Watch this Range Rover soar… and then ponder the repair bill

Jumping a vehicle is fun. More so when it’s a machine built to take such abuse, because that means you can do it again. You can drive away. And you don’t have to call a trailer to bring your now busted car or truck to a shop. They’ll stare at you. Perhaps they’ll laugh. That’s because there’s a massive repair bill heading your way. Maybe it was all worth it though, just to see your baby fly.

So what happens when you take a prior-generation Range Rover and send it. In the video above, what happens is that the truck soars for a moment for heading nose-first back down to Earth. There’s a quick puff of smoke upon landing. I assume that’s the money that was in the owners wallet quickly vanishing.

What do you think is now broken on this truck? Well… if it wasn’t broken already. Our man Kamil speculated the following in the Hooniverse Slack chat:

So how do you think this Range Rover did upon impact? What’s broken? And would you have gone with a full send like the driver did in the video above?


  1. The Range Rover jokes are best. A guy I know – respected, funny guy, runs an Apple store – went from one of the few XC90 V8 ever sold to a Range Rover. I caught him giving advice on AAA-ish memberships…pretty mandatory with these cars, even today.

    1. Speaking of XC90s, my 17-yo son apparently just realized that not all have 3.2 sixes like the one his mother is letting him drive. He woke me with a text around midnight, randomly asking me how easily (and how costly) it would be to swap in a V8. The Yamaha unit is a sweet engine, but knowing my wife’s likely take on the suggestion, I quickly squelched the idea.

      1. Why a swap, used V8’s seem to be very cheap in the US? It’s still a rare car and probably has some extra running costs in addition to all the existing XC90 issues…but that’s a soccer mom bus he could drive with pride, hehe.

        1. Oh I completely agree– the swap would cost us more than the car is worth. He’s just being a teen. When I was his age, I was swapping V8s into everything I could shoehorn one into, so I can’t be critical. That particular V8 (with a couple of turbos added) is what powers the Noble M600.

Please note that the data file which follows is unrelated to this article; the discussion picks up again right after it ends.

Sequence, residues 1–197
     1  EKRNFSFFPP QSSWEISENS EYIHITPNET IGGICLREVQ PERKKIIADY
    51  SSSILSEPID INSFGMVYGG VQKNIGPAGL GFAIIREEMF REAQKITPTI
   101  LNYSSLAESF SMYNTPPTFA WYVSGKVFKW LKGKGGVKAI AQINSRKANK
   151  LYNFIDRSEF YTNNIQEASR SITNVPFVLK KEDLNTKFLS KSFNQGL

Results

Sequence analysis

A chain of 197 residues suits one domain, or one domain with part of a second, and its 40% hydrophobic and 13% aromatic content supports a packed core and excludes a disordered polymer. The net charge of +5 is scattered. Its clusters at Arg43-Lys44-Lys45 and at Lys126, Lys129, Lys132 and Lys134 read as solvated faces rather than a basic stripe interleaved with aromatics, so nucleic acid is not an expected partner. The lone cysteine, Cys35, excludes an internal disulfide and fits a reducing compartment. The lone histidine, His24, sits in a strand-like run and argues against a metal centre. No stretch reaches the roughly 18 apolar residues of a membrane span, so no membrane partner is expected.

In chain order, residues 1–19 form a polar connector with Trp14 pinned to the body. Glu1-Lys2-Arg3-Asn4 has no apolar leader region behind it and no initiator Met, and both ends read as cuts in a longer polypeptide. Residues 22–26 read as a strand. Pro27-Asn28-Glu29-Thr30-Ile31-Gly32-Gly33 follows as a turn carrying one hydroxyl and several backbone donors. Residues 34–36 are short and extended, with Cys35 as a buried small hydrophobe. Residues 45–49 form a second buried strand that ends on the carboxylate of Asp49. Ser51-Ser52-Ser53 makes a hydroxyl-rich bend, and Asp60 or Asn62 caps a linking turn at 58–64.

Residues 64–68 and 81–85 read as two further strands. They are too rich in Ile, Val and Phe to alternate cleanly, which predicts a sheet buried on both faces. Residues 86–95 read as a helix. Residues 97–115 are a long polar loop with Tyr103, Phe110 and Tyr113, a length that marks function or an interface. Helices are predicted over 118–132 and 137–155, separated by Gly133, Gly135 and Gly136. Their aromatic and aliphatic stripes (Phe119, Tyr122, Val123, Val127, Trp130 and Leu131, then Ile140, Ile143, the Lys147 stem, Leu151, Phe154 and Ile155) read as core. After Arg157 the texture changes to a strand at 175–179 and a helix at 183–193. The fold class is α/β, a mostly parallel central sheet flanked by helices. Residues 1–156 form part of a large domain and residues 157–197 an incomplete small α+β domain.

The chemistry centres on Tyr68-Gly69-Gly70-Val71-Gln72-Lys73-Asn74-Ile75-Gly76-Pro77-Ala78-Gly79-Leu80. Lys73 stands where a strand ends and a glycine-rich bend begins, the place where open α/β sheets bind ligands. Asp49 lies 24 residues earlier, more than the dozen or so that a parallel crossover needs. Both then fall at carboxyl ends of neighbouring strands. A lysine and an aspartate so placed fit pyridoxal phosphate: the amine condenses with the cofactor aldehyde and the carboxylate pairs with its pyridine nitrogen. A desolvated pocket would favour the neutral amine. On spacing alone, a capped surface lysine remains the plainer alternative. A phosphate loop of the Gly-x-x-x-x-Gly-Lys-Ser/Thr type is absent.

1. They also had a 5.0L version running in V8 Supercars for a while, I think it had a flat-plane crank.

          2. Tell his mother the sensible thing is to buy him a Miata and let him put a V8 in that.

      2. I’ve always wondered if that V8 would swap into any of the big Volvo-based Fords, but mostly the Taurus so you could have a proper Yamaha engined SHO again.

          1. A shame about the Flex. It remains my favorite crossover design on the market, and it’s hardly changed since its debut a decade ago.

        1. Well, it should, it’s the P2 platform? A very compact V8 to boot.

          @Zentropy, I hope you find something else to shoehorn a V8 into. If I remember correctly, you guys got an entire fleet to choose from…

          1. I wouldn’t expect fitment to be a problem, although who knows what it would take to get the electric stuff to play nice.

          2. Haha, yeah, I have a few that don’t yet have V8s. The XC90 is a good, safe vehicle for a teen driver, and I don’t intend to mess with it. He can drive it as-is until the wheels fall off.

          3. Your son: Challenge Accepted! (If heโ€™s anything like I was when I was a teen)

  2. Looks like the RH front wheel grinding on the pavement so presumably blew that tyre. Maybe an airbag on the LH rear? It may have got away without structural damage – you’d be surprised how hard they treat vehicles in durability testing.

  3. Its not made to do that.The repair bill,a new one will be half the price.Fords Raptors, F 150 and Ranger are designed to do that, not Range Rovers.

    1. An unmodified Raptor will not do that without significant damage. A regular F150 sure as hell won’t.

  4. All that stuff probably all need replacing in the next six months anyway knowing RRs. No real running cost difference.

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